In this essay exploring the concept of the “open table” for the Eucharistic meal, Marianne Moyaert, a professor of comparative theology, considers not only a table open to those who are not baptized members of the body of Christ but also open to people of faiths other than Christian. Here are some of her conclusions and her reasons for thinking as she does.
Liturgy 31, no. 3, explored the latest scholarly work on issues related to holy communion.
As with all rituals, the Eucharist too makes use of certain universal elements that appeal to people beyond their religious particularities. Together with those in favor of Eucharistic hospitality, I would underscore that the Eucharist is the sharing of a meal, of bread and wine, that enables people to experience a sense of belonging and that also contributes to the upbuilding of this community. . . .
The Eucharist is, however, also more than just a meal. It involves food, but not ordinary food; it involves drinking, but not ordinary drinking, and the preparation of the meal does not involve ordinary cooking. This meal will not still one’s hunger. As Augustine preached, it is spiritual food that stills the hunger of the interior (though not completely). By not completely stilling even our spiritual hunger, the Eucharist also nourishes our longing for Christ to return. This extraordinary meal is full of meaning, and it makes sense within a Christian framework. When Christians come together to celebrate the Eucharist, they do so in remembrance of Jesus (Luke 22:19) who is called the Christ. The meal makes present the kingdom yet to come. . . .
Celebrating the Eucharist is not ordinarily a one-time event, but ought to be an expression of “convivencia” patterned after the life of Christ, as the word communion suggests. As with any religious ritual, the Eucharist “requires enclosure within the sphere of religious formation for full participation.” Its deeper layers of meaning reveal themselves only by living a Christian life. Religious others, however, neither share this vision nor self-consciously live a life inspired by the example of Christ. As a consequence, the depth of Christian religious experience as expressed and strengthened in the Eucharist remains inaccessible to them. Hence Eucharistic hospitality, a ritual act that is supposed to express communion and fellowship, is marked by something that is not shared and cannot be shared: Christian faith. The depths of the liturgical experience are out of reach and the boundaries between outsiders and insiders are not really lifted. . . .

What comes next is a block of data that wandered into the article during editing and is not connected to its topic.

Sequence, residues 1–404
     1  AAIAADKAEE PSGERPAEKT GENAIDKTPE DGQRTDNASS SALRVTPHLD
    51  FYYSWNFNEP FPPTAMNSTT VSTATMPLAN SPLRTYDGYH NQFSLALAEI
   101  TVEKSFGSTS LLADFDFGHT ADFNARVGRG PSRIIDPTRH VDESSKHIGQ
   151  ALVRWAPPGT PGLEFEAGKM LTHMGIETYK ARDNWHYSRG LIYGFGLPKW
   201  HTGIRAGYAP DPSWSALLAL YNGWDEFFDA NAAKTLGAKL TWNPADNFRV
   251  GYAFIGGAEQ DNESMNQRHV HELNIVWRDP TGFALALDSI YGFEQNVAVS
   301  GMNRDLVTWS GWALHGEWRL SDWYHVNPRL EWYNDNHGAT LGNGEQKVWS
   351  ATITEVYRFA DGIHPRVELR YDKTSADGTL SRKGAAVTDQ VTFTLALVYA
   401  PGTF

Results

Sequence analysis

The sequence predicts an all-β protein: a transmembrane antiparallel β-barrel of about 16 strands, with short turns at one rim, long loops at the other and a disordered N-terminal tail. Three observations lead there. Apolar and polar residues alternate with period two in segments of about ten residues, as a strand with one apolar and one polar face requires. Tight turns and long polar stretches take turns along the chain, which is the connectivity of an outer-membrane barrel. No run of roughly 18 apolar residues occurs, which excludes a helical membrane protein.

. . . . Sharing table fellowship runs the risk of including the other in a twofold way: theologically and liturgically. To my mind, this theological and liturgical inclusion may jeopardize the integrity of the identity of the religious other.
Jewish liturgical theologian Ruth Langer relates why she rejected an invitation to partake in table fellowship: “Accepting the invitation would have exceeded my comfort zone … as guest … because it would constitute a symbolic gesture of our participation in fundamental Christian beliefs. Jews do not accept Christian theological understandings of the meaning of Jesus’ life, death, and resurrection; therefore, accepting the Eucharist simply as physical nourishment is far from an empty gesture. It becomes, not an act of communion, but potentially an act of mockery.”
. . . Sometimes refraining from participation may be more honest.
Because this blog may only reprint a relatively small portion of an essay, the full argument with all of its intricate reasoning cannot be presented. Please see the full article for the richness of Moyaert’s perspective.
Marianne Moyaert, professor of comparative theology at the Vrije Universiteit Amsterdam, The Netherlands, is the author of In Response to the Religious Other (2014) and the editor, with Joris Geldhof, of Interreligious Dialogue and Ritual Participation (2015).
Marianne Moyaert, “Relgious Pluralism and Eucharistic Hospitality,” Liturgy 31, no. 3 (2016), 46-56.